Skip to Navigation

A $2 Billion Reputation

Bookmark and Share

On February 5 of this year, CVS/pharmacy – the 12th highest grossing company in the United States – announced a remarkable new initiative: they’re dropping a $2 billion part of their business.

The national pharmacy and health retail chain said it would no longer sell tobacco products starting the first of October.

The mission of CVS is “to help people on their path to better health,” said Larry J. Merlo, CVS President and CEO. “Put simply, the sale of tobacco products is inconsistent with our purpose.”

As of last week, the cigarettes were already gone from CVS stores’ shelves and the company revealed a new rebranding: CVS Health. They also launched a campaign encouraging smokers to kick the habit by sharing one good reason why they should quit tobacco on social media.

I can’t help but think this is an anecdote for our changing economy.

Thanks to social media and instant news aggregation, consumers have never been more informed and engaged in the marketplace. They’ve also never been more democratic with their dollars.

Earlier this year, Chick-fil-A committed to serving better quality meat after an online petition started by a food blogger went viral. Just this week, Ray Rice was cut from the Baltimore Ravens after a video of him committing domestic violence surfaced.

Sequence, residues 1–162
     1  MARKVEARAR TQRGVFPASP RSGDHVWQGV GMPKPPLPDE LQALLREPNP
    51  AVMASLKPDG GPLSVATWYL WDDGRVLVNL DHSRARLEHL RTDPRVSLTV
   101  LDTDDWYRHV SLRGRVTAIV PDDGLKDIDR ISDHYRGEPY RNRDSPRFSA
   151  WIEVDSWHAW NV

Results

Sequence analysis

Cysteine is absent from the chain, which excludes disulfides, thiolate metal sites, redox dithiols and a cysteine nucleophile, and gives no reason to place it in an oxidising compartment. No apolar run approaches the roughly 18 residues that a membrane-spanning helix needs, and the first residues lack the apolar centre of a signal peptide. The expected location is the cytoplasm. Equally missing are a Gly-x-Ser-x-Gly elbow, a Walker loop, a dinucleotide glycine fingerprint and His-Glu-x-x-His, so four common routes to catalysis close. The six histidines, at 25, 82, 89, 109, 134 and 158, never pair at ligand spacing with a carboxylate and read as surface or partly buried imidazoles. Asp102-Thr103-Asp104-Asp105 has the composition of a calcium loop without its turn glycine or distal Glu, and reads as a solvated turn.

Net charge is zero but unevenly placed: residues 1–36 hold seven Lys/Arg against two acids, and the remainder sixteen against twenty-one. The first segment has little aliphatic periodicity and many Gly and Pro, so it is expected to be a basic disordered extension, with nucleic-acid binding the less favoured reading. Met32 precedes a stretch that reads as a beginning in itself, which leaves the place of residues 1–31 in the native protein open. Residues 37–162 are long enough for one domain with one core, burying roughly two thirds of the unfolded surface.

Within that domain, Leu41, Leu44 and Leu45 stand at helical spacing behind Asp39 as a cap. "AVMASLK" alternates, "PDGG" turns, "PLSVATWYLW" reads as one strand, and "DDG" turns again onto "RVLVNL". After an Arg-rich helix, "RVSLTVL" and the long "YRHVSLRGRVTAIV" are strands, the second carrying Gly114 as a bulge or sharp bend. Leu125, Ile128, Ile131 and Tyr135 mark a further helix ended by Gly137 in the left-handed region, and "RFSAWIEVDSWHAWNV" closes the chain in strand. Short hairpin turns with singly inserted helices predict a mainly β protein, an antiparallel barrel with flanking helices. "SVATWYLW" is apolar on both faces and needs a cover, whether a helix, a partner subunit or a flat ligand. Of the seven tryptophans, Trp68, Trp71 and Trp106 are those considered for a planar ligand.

CVSnoCorporations and individuals today are held to an unprecedented standard of accountability and integrity. And, the idea of having a nice-sounding mission statement while maintaining a profits-come-first mentality is no longer cutting it. One of most the popular TED talks of all time is about how people follow leaders and buy products because they share their values.

Businesswoman and cosmetics mogul Elizabeth Arden said, “Repetition makes reputation and reputation makes customers.” Whether you’re a major corporation or an individual, it’s consistency that demonstrates your values and defines your brand. And that’s priceless.

While the move by CVS Health towards valuing their consistency of purpose over higher revenues may not make a lot of business sense to some, to the next generation of ethical leaders, and to the market of tomorrow, it’s all about putting your money where your mouth is.

– David Sargent
Communications and Electronic Media Specialist, NASBA